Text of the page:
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Metro task team to formalise informal settlements, curb land invasions

Letsema will focus on the electrification of, provision of potable water to, reticulation and sanitation in informal settlements.

Work is progressing well on the formation a special task team that will deal with land invasions, according to the Tshwane mayor.

Called the Letsema task team, the team will also help formalise informal settlements.

Stevens Mokgalapa told delegates to the annual property seminar in Pretoria on Tuesday that the team would be established “soon”.

The team had been allocated an R1,5-billion budget.

The team was first announced during Mokgalapa’s maiden budget speech in May.

“The team will be dedicated to various projects from electrification to water provision, reticulation and sanitation,” said Mokgalapa.

ALSO READ: NEWSFLASH: Man killed at an informal settlement

During the speech, Mokgalapa said a further R77,3-million would be allocated for the formalisation of informal settlements such as Olievenhoutbosch and Mooiplaas.

Tuesday’s seminar also sought to find ways to use the metro’s property portfolio of more than 56 000 assets to reinvigorate the Tshwane property sector.

“This seminar will reflect on the balance between revenue optimisation and the developmental mandate of local government as part of real estate portfolio management,” Mokgalapa said.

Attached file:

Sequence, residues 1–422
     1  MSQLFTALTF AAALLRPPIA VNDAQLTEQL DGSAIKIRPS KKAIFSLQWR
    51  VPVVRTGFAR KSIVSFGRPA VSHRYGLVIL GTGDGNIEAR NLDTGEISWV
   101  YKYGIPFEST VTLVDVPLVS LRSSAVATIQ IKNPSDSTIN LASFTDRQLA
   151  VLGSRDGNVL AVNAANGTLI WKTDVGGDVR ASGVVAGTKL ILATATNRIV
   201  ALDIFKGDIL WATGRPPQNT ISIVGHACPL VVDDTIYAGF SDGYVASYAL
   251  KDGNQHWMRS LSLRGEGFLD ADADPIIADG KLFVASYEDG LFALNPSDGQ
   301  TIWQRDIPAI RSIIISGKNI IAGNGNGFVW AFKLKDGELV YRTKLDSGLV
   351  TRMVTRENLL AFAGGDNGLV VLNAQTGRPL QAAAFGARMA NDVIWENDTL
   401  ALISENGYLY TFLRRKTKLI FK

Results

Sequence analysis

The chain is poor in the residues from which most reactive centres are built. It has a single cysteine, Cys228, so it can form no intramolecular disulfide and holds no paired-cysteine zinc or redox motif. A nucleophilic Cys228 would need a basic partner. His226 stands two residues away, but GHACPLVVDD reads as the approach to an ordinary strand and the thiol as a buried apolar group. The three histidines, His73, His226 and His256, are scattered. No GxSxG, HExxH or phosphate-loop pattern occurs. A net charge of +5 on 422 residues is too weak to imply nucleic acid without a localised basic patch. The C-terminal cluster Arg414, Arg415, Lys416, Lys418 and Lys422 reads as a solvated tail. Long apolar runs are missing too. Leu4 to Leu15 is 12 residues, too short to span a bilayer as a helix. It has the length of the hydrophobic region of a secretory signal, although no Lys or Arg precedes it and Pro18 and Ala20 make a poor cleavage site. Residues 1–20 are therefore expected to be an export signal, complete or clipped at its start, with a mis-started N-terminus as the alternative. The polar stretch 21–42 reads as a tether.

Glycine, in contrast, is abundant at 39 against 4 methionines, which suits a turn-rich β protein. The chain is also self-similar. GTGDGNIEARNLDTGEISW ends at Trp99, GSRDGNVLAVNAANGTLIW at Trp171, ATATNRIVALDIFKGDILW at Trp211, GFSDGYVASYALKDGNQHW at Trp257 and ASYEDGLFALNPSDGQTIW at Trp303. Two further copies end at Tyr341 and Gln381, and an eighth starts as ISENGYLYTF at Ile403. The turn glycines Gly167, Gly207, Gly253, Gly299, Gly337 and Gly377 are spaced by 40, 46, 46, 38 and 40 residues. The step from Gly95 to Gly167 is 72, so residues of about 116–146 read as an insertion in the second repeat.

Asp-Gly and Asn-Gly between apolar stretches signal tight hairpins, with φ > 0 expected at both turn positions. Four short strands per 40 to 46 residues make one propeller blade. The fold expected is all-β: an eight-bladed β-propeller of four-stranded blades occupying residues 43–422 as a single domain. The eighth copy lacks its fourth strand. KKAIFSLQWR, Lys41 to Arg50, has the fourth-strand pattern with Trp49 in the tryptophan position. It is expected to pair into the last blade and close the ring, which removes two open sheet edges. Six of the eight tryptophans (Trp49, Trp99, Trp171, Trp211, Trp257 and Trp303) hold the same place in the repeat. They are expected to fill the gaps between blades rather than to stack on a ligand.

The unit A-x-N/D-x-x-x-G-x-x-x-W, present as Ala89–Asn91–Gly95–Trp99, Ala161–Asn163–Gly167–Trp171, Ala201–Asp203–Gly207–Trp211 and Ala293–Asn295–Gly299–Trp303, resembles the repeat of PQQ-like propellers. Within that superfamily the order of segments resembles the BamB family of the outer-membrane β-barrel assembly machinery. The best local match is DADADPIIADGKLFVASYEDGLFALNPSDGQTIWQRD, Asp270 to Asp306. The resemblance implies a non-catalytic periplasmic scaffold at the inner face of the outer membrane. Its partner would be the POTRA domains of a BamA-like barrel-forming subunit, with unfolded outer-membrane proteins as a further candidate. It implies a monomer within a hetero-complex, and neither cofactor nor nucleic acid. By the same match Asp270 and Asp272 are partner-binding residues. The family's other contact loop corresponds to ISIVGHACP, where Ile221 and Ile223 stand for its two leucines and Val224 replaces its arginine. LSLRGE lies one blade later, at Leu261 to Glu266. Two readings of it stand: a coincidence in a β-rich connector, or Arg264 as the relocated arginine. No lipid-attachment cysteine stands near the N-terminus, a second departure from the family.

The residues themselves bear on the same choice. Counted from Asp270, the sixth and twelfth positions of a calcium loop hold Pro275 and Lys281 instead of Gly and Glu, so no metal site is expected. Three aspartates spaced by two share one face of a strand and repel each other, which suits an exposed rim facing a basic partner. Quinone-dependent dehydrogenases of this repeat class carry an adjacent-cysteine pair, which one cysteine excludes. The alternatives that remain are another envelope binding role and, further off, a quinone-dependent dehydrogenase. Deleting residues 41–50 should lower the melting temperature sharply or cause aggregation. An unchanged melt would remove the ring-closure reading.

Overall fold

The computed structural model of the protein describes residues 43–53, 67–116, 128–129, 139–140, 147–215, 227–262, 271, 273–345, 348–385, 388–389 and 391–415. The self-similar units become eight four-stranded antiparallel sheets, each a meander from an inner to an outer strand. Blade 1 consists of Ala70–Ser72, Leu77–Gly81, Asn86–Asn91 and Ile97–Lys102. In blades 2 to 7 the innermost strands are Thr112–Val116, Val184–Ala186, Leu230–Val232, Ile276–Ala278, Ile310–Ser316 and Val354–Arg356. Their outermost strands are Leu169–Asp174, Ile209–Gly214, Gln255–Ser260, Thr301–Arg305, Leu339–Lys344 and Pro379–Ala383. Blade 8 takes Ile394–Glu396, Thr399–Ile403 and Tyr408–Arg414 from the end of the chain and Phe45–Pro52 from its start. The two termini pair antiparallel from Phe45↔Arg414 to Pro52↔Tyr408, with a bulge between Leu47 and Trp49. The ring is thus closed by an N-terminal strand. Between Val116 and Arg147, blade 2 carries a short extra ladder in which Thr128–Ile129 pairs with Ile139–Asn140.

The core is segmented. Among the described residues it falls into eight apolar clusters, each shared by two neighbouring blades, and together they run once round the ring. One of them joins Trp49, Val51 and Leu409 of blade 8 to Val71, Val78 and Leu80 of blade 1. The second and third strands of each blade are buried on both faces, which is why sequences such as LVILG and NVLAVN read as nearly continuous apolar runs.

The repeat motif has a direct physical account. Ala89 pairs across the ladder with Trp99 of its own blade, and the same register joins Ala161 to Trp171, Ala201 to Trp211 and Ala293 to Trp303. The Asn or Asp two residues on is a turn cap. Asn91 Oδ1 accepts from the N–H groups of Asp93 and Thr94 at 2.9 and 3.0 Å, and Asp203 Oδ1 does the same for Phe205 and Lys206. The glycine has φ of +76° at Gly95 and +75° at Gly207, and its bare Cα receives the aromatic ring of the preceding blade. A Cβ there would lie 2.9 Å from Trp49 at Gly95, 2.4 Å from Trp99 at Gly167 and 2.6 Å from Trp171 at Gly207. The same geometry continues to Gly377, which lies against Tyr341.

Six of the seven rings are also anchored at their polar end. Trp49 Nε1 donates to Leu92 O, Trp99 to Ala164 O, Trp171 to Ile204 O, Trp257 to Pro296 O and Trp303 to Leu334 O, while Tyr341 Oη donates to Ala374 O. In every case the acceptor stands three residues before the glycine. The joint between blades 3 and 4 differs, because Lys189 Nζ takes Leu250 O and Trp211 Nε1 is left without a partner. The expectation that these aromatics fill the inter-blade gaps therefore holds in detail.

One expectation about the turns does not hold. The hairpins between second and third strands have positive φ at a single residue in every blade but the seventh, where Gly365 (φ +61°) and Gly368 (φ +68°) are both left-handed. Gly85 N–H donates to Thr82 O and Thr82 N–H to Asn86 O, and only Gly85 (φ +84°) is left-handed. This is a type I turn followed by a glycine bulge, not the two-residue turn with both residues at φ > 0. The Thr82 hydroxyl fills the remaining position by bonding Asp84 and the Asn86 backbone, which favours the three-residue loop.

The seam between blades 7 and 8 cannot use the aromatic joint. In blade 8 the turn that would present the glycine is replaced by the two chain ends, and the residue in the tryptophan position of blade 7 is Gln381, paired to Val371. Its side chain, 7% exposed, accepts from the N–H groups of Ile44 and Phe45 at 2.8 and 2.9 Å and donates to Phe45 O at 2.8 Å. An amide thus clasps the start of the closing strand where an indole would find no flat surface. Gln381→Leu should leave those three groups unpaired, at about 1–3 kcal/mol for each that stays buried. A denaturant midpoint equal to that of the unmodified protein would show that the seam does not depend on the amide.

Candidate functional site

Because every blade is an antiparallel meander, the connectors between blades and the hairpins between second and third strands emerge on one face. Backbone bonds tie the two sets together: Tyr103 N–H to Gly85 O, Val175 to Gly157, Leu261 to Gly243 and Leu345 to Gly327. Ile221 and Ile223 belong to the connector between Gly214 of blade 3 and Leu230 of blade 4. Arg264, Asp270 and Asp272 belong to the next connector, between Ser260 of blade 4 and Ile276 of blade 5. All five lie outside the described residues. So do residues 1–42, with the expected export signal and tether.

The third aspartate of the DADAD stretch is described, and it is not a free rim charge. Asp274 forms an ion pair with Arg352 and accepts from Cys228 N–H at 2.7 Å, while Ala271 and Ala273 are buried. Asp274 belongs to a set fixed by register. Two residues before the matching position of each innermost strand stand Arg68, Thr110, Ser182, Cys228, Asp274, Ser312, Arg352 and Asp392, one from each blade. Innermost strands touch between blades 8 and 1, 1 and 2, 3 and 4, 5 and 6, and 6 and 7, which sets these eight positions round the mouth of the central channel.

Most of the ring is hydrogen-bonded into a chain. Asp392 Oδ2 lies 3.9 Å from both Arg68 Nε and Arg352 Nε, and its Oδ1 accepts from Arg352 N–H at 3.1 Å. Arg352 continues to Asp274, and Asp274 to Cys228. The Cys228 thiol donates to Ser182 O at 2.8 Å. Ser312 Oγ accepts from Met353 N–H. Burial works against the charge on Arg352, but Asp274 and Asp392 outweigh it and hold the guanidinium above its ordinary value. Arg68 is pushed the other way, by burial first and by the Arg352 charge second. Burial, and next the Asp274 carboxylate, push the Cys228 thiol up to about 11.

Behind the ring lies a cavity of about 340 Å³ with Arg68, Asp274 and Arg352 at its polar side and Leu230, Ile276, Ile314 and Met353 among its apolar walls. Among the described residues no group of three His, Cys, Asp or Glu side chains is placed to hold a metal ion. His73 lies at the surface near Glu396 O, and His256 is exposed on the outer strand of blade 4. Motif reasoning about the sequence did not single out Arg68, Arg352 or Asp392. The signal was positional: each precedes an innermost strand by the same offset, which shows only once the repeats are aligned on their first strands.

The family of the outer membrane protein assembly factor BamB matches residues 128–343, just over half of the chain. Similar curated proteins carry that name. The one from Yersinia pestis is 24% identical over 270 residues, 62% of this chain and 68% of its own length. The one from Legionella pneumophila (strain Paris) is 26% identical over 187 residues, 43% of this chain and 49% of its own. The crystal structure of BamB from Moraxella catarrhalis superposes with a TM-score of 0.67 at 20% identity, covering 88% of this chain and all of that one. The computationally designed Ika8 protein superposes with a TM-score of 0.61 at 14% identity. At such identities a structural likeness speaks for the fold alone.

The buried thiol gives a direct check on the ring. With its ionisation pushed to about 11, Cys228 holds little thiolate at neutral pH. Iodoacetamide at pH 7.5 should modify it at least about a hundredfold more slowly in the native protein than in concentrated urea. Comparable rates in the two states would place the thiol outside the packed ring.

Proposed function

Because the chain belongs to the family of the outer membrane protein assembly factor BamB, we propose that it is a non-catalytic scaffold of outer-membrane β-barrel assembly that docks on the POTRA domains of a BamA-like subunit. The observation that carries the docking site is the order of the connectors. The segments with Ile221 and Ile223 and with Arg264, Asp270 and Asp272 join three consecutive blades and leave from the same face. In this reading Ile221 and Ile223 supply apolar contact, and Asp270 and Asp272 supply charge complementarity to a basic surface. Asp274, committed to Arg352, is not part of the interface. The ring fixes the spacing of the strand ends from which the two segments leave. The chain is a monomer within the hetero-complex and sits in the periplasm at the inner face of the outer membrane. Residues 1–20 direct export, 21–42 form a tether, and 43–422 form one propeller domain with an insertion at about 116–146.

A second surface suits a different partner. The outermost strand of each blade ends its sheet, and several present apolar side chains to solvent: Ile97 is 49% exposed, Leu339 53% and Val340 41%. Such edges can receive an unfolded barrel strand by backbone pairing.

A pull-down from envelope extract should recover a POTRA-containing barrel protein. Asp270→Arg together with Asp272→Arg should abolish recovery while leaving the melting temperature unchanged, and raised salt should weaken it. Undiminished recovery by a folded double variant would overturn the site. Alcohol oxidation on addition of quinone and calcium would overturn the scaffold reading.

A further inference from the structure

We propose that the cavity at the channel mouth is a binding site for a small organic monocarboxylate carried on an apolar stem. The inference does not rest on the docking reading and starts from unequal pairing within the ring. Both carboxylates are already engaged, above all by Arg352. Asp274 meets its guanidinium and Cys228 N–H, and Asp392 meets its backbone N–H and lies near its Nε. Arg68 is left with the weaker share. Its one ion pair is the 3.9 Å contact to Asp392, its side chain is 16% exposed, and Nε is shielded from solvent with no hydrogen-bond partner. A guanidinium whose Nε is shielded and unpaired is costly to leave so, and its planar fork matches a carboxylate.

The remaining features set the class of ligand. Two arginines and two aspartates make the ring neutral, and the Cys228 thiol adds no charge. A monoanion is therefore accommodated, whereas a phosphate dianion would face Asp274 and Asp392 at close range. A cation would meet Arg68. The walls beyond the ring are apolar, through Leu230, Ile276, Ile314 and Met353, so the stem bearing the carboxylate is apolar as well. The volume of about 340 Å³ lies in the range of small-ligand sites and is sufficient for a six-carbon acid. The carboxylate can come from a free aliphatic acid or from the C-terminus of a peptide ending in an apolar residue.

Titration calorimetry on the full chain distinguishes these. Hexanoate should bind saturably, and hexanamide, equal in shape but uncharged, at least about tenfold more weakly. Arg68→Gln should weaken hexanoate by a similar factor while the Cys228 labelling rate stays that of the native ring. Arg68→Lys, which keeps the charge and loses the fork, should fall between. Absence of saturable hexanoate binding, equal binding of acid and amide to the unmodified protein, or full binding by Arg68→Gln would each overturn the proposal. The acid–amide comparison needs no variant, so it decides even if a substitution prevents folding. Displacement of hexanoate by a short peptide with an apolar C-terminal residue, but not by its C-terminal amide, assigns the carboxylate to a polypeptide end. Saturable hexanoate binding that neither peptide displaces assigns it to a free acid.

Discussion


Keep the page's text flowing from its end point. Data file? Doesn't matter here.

He also spoke of a policy recently adopted by council on the management of its more than 52 000 properties.

“It serves as a cornerstone for facilitating collaborative efforts to optimise the use and management of [these] properties.”

One of the informal settlements that may benefit from the task team’s establishment is Mooiplaas near Centurion, which has been marred by service delivery protests.

Community representatives, together with local ward councillor Kingsley Wakelin, called on the 128 hectare area to be formalised.

“Residents have called again and again for this,” Wakelin said.

ALSO READ: City warns informal settlements of fires

Due to the dolomitic nature of the area, it was decided to move the residents to Olievenhoutbosch.

This ended in disaster when 841 houses built in Olievenhoutbosch extension 27 in 2015 for Mooiplaas residents were illegally occupied by local residents.

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